Slip-ups, slurs and the state of sexuality in the NBA

Mark Milner
June 2, 2011

There have been a lot of words about words this spring, especially in NBA circles. Words uttered in anger, words yelled in frustration, words said like a joke. Words that hurt, words that annoy and words that result in a fine and a public tongue-lashing. But mostly, words seem to inspire more words.

The words are fodder for easy columns, a chance for a writer to apologize on behalf of the player, the team, the culture. They use it as a chance to set themselves higher than the player: they said a bad word, a hurtful word and a word I’d never utter, not even if nobody was around. These words come out by the hundreds, days after the original word.

These words – the ones here, on this page – are not about the word, really, they’re about the words after the word. Those are the words that give the word power.

It’s funny how times have changed.

It wasn’t all that long ago when Michael Jordan called Kwame Brown a flaming faggot. According to a report, Jordan unleashed such verbal fury he reduced a grown man to tears during a team practice. I don’t believe Jordan was ever fined for those words.

But when Kobe Bryant says that word to a referee – and, it should be noted, hurt the man a lot less – it was worth a $50,000 fine and a public lashing from the media.

Bloggers, beat reporters and columnists weighed in on the word, basically piling on in a dogpile of righteousness.

It’s a bad word, he’s bad for saying it, now let’s talk about the starting lineup.

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There’s something of a block here, like there’s an elephant in the room. The issue is mentioned, briefly addressed and everybody moves on. I get why: it’s an uncomfortable word for sportswriters to deal with, with repercussions that one doesn’t usually encounter on the sports beat. That’s fair, but the entire point of the word is make somebody uncomfortable.

I have friends who hate the word. Not dislike, not upset, but hate the word and what it means to them. It’s confining, it’s dismissive and it’s a way to say you’re not like me. You are different, less of a person than I am. While it also means lesser things, too, what matters is impact, not intent. Joakim Noah said it recently to shut up a fan and Bryant said it to essentially call a ref stupid, but both resonate a certain way because of the word.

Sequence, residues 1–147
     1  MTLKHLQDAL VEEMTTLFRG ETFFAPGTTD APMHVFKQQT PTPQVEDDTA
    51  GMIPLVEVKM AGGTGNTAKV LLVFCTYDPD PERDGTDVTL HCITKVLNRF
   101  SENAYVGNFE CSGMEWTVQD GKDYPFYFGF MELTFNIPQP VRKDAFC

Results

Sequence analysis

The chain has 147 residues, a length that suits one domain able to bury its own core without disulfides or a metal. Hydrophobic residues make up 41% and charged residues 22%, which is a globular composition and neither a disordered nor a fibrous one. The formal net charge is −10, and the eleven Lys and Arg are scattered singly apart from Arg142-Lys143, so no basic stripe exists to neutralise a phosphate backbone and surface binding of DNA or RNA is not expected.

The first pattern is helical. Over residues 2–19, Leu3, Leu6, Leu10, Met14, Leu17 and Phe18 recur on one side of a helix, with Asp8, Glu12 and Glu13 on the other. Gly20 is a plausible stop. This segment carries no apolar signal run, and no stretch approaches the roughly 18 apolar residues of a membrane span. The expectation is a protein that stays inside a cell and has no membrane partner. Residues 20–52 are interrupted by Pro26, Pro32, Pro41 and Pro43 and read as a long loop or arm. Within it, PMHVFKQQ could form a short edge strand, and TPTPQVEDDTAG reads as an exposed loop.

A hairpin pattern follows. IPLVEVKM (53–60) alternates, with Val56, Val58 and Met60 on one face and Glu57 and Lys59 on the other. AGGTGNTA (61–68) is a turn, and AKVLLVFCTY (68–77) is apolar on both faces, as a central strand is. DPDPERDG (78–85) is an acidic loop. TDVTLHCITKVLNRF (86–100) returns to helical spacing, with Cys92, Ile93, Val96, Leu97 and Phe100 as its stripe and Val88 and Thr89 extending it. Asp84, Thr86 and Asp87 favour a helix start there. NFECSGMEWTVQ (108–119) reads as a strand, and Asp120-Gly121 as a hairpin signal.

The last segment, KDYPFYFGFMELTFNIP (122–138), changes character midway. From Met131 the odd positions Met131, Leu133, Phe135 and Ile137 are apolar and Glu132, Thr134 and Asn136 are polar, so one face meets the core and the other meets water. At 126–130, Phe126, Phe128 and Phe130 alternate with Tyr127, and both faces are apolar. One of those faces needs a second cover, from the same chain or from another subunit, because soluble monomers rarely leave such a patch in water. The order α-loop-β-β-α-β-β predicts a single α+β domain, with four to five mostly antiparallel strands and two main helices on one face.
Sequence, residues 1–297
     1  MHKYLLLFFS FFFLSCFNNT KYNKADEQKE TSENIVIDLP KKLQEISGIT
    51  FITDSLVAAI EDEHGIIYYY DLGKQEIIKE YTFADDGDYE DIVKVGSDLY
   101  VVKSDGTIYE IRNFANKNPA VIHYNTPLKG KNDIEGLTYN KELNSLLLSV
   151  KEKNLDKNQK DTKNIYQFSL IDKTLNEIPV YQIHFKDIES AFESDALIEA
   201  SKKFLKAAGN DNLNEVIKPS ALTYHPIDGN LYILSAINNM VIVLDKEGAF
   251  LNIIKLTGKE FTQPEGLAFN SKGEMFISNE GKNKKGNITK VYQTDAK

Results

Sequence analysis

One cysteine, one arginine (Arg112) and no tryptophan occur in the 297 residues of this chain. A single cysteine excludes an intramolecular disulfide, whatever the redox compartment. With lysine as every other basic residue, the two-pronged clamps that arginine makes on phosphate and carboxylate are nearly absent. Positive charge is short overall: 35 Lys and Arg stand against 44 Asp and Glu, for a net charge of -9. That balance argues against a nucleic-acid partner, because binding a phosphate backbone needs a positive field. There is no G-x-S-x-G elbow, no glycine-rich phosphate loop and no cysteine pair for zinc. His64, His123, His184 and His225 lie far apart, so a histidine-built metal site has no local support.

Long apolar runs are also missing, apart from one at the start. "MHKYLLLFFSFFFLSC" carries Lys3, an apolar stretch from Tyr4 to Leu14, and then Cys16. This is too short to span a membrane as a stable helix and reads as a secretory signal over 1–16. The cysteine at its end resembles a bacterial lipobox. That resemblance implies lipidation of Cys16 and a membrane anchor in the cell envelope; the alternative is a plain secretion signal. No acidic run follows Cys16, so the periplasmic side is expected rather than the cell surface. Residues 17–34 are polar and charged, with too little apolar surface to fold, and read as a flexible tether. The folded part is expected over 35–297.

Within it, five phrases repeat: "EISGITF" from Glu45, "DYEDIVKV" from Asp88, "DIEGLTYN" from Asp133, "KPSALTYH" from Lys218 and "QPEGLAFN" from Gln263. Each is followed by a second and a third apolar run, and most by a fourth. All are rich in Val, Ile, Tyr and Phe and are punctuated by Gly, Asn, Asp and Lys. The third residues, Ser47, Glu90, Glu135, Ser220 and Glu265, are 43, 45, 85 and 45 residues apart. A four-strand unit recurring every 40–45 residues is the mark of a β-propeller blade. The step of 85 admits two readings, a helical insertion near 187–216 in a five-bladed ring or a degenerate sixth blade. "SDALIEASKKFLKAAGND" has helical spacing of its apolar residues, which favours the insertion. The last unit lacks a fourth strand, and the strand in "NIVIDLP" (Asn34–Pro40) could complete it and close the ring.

This is not to take away from what Bryant or Noah said; it was regrettable, it was crass and it was – regardless of what they may now say – intended to hurt. One doesn’t call somebody a name in anger just for the fun of it. And it was said all the same, in different circumstances.

That context plays a role too. Just look at the difference in fines levied to Bryant and Noah. Everybody is mentioning that Noah spoke in anger, but he was responding to a drunken and insulting fan; it wasn’t an act of temper, like Bryant calling a referee a name after a bad call. There’s a difference between being insulted and being annoyed and it’s been reflected in the fines.

There’s something else at play here, a subtext of insecurity to the comments. Think back a few years to when Tim Hardaway said he wouldn’t play with a gay player. Or look at the columns written about Christine Daniels, especially the one which reveled in calling her a man in a dress.

But the reaction means attitudes are changing. Only a few days before Noah let slip a slur, Suns executive Rick Welts came out and after the NBA released a PSA about using homophobic language. Not long after, Steve Nash would say that he thinks an openly gay player would be accepted.

Things may be changing at a glacial pace – no athlete has come out yet – but at least they’re changing. It’s better than staying put certainly, but the only way it’s going to make a huge leap is when an athlete decides to, not when a scribe addresses it.

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The Author:

Mark Milner